The package includes an electronic locking front differential and “virtual lockers” on the rear wheels. The virtual locker system provides for electronically controlled torque vectoring to limit rear wheel slip by directing up to 100% of the available power to the wheel with the most traction.
GM hasn’t shared much other detail but will release more information about the electric SUV’s features and specifications on Monday.
The company makes no secret, however, of the fact that the Hummer SUV shares its platform and many of the same powertrain, suspension and interior components with the Hummer pickup. Indeed, it appears that the only difference in exterior design is that the SUV’s roofline, sides and tailgate extend to enclose the area that forms the pickup’s bed.
Super Cruise and More
The shared components mean that the SUV, like the pickup, can be ordered with the latest version of GM’s Super Cruise hands free driving system. It permits automated driving and lane changing on more than 200,000 miles of enabled roads in the U.S.
While the driver’s hands don’t have to be on the wheel when Super Cruise is active, in-cabin camera monitors eye motion to ensure the driver is paying attention to the road ahead.
The SUV also will share the pickup’s glass-panel roof, most of its interior and exterior parts and its all-wheel steering system, standard on all but the base mode, as well as available features such as Crab Walk and Extract Mode.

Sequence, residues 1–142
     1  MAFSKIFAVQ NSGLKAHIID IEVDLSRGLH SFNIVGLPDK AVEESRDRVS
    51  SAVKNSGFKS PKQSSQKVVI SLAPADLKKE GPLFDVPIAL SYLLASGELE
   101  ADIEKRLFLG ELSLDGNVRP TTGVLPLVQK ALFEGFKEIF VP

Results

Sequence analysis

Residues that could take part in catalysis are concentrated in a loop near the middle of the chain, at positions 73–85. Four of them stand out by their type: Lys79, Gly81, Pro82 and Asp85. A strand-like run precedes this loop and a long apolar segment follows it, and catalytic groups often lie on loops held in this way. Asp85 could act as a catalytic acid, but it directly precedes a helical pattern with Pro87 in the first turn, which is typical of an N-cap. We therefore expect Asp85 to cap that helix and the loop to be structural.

The first system uses all-wheel steering to permit the Hummer SUV to drive diagonally away from obstacles at slow off-road speeds—essentially scuttling sideways like a crab.
Extract Mode raises the body to increase ground clearance to 15.9 inches from the standard 10.1 inches. By comparison, the Jeep Gladiator Mojave four-door pickup comes from the factory with 11.6 inches of ground clearance and the Grand Cherokee Limited 4X4 SUV has 8.6 inches.
Small Competitive Set
The Jeeps, however, shouldn’t compete for the same shoppers as the much pricier Hummer EVs.
Competitors such as start-ups Rivian and Bollinger Motors, each with high-end and ruggedly capable electric pickups and SUVs, along with Tesla and its electric Cybertruck pickup, are more likely to attract the well-heeled outdoor enthusiasts GMC is aiming to bag with its Hummer models.
Both the Rivan and Bollinger trucks have pricing, power, capabilities and features similar to various of the Hummer trim levels. Tesla hasn’t announced an SUV version of the Cybertruck, but the pickup’s specifications should make it a player as well in what is so far a small segment—the electric super-truck—of the ever-growing EV market.
Powertrains Vary with Trim
The 3X and Edition 1 trims use GM’s new Ultium battery system with 20 modules (versus 24 modules for the Edition 1 pickup) and a three-motor drive system—one on the front axle and two in the rear—one driving each wheel.
The 2X trim uses dual motors—one on each axle—and a 20-module Ultium battery. The base trim also has two motors but gets a 16-module battery pack as standard equipment. It can be upgraded to a 20-module system.
All trims from 2X up have 800-volt DC fast charging capable of adding energy to the battery pack at speeds of up to 300 kilowatts per hour. That allows for super-quick replenishment of depleted batteries at properly sized fast-charge stations.
The dual-motor base trim uses a 400-volt system, the most common fast-charging standard for EVs right now. Its 16-module battery pack is good for 250 miles according to GM’s internal estimates.
Official EPA range estimates for the various trim levels won’t be issued until closer to the start of production.
GM is taking reservations for the SUV on the GMC.com/HummerEV website.